Biting the Hand . . . : AIG Transcript Reveals Irate Employees Demanding Bonuses and Mocking The Public Over Bailout

There is a transcript from executives at the American International Group (AIG) that is likely to infuriate many Americans, still smarting over the $165 million in bonuses paid to executives after the huge federal bailout. Statements from a conference call reveal executives who express contempt for the public and bravado in their own business abilities. These include statements from employees hoping that the public loses a trillion dollars and blaming the problems on Congress, and the public rather than their own business decisions.

Notably, one employee asks if the company could secure a second round of bonuses, which produces laughter from the group given the public outrage. Yet, AIG employees did get a second round of bonuses.

While AIG expressed contrition in public, employees denied any mistakes on the call. One employee stated “I will stand behind every action I have taken in this company from Day One.”

On the the conference call of March 23, 2009 with Gerry Pasciucco, who was hired to help shutdown Financial Products after the AIG bailout, the employees refused his suggestion that the employees waive their right to bonuses due to the company’s meltdown and bailout. The reaction was outrage, with one employee saying “I think it violates everything I believe in, and it’s un-American.”

One employee objected to the very notion of a penalty and insisted that some of the bailout money go to reward employees: “You made a commitment to us, and we made a commitment to you. And for anybody to look beyond that, as the politics and the media are at the moment, is missing the point. You can’t expect us to just roll over and ignore that commitment because there is a bunch of immoral bigots that intend us to do something different. It’s not going to happen.”

There are likely to be many citizens who have concluded that both Congress and AIG “missed the point” by giving these bailouts. What is really striking is how these employees are demanding bonuses after the bailout while blaming the public for their problems. One employee states “To be honest with you, I really hope it blows up. I think the U.S. taxpayer deserves to lose a trillion dollars over this thing for the way they have behaved.” The employee then declares “Well, none of them cares about the country, none of us cares about the institution. They really don’t care, and I really don’t care. And frankly, if a trillion dollars gets lost, fine.”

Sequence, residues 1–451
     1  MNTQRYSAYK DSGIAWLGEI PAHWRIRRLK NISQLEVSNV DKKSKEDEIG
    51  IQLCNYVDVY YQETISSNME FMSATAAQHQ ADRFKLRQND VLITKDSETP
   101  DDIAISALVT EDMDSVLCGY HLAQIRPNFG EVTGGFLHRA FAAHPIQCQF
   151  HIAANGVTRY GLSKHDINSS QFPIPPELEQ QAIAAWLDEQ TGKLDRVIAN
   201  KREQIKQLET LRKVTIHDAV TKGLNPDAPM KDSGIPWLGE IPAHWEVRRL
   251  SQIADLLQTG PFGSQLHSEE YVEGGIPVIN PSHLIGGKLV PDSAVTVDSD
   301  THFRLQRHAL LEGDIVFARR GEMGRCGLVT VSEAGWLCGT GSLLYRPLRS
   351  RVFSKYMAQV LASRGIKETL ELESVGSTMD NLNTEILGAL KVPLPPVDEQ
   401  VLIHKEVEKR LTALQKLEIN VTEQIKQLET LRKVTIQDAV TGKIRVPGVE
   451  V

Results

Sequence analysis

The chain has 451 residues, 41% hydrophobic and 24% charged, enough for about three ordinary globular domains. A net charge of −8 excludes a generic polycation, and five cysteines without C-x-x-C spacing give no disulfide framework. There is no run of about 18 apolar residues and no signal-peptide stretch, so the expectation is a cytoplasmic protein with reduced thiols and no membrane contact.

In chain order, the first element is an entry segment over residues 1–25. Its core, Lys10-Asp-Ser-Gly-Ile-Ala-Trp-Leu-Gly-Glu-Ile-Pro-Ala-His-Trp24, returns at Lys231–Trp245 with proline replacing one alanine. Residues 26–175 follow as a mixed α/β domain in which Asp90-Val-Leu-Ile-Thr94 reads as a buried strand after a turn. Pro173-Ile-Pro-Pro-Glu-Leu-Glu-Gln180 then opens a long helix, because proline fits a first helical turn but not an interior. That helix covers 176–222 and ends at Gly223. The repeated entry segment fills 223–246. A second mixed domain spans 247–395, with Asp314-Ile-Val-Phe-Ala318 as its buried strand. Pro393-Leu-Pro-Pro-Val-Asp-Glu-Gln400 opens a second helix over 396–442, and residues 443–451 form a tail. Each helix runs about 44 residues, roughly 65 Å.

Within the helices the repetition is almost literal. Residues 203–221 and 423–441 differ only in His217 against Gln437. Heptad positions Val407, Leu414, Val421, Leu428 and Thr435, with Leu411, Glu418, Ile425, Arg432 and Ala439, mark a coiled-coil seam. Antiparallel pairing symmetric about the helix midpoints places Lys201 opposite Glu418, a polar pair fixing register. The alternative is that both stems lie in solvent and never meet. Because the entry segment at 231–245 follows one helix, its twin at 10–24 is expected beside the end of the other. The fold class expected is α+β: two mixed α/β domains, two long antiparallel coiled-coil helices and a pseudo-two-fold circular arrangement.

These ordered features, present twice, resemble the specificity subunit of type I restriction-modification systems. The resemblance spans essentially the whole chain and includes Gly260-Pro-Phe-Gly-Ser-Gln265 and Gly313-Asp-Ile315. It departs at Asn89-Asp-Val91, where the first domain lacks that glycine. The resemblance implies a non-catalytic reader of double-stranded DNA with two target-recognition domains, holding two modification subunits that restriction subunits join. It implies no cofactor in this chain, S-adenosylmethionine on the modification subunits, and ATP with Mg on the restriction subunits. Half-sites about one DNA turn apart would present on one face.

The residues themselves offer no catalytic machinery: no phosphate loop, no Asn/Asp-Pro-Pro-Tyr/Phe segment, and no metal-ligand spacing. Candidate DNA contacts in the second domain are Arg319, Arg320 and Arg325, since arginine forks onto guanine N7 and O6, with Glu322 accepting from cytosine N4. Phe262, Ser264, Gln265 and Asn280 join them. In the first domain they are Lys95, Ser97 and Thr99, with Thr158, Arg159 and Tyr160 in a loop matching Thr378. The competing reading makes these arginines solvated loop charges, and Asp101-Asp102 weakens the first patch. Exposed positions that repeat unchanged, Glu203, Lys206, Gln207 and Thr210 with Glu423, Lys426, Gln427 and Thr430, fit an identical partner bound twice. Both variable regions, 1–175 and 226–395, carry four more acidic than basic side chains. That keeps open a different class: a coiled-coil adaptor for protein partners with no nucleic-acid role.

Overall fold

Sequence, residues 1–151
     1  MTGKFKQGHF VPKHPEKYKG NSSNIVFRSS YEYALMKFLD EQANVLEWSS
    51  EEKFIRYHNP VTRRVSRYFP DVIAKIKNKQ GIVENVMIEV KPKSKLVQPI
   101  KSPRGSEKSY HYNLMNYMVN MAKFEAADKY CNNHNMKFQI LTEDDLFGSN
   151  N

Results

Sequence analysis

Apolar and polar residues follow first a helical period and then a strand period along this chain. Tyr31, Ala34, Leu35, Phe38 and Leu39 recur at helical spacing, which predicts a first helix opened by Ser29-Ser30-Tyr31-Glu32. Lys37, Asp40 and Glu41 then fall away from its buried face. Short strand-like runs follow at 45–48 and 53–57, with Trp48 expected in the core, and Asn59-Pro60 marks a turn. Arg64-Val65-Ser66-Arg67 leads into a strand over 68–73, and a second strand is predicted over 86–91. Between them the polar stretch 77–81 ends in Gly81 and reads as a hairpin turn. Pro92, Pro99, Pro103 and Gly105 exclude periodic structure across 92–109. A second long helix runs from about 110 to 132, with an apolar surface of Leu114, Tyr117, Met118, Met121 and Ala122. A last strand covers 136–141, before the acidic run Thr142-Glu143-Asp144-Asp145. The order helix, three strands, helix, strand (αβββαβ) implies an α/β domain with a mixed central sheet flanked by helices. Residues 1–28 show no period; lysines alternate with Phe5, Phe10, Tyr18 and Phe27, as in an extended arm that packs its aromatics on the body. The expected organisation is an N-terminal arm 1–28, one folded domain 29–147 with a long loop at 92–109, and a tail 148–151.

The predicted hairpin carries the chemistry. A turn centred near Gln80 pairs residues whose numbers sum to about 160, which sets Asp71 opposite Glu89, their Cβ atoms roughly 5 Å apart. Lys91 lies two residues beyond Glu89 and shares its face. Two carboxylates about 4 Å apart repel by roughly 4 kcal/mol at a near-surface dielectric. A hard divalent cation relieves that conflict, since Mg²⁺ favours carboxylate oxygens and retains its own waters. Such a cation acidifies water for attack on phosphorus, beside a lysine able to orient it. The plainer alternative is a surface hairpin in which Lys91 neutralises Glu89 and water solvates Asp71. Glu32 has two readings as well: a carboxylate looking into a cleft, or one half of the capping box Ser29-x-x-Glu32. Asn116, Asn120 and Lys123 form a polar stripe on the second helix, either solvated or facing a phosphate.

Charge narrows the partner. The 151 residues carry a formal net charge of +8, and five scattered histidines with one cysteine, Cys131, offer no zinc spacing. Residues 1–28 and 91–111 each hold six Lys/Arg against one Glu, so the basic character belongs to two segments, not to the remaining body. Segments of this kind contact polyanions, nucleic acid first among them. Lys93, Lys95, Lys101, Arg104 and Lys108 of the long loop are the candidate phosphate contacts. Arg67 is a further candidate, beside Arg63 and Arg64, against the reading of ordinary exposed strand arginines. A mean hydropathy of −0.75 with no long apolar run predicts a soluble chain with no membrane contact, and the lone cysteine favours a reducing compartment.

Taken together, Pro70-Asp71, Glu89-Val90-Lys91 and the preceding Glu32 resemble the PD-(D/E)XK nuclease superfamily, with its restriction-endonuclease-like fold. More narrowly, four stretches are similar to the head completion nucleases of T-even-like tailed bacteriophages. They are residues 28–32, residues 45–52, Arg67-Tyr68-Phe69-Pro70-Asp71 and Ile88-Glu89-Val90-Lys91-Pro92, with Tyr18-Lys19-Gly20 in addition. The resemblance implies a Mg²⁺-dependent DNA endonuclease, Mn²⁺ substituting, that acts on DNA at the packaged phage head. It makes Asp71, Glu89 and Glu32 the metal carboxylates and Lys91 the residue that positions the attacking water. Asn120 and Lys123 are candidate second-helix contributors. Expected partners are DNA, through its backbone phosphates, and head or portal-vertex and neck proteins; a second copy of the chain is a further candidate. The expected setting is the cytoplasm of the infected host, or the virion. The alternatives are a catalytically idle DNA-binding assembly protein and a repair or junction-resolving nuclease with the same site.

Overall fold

Pasciucco himself blames Congress and the public rather than the company: referring to the process, he states “I think it’s distasteful. It’s unfair. It’s unjust. I agree with you, it’s not American. It is McCarthy-ite. . . . It will be viewed as a horribly dark period.”

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28 thoughts on “Biting the Hand . . . : AIG Transcript Reveals Irate Employees Demanding Bonuses and Mocking The Public Over Bailout”

  1. I found the following Huffington Post article via Matt Taibbi’s blog at True/Slant

    Washington Must Ban U.S. Credit Derivatives as Traders Demand Gold
    by Janet Tavakoli (From Huffington Post, 3/8/2010)

    Congress should act immediately to abolish credit default swaps on the United States, because these derivatives will foment distortions in global currencies and gold. Failure to act now will only mean the U.S. will be forced to act after these “financial weapons of mass destruction” levy heavy casualties. These obligations now settle in euros, but the end game is to settle them in gold. This is so ripe for speculative manipulation that you might as well cover the U.S. map with a bull’s-eye.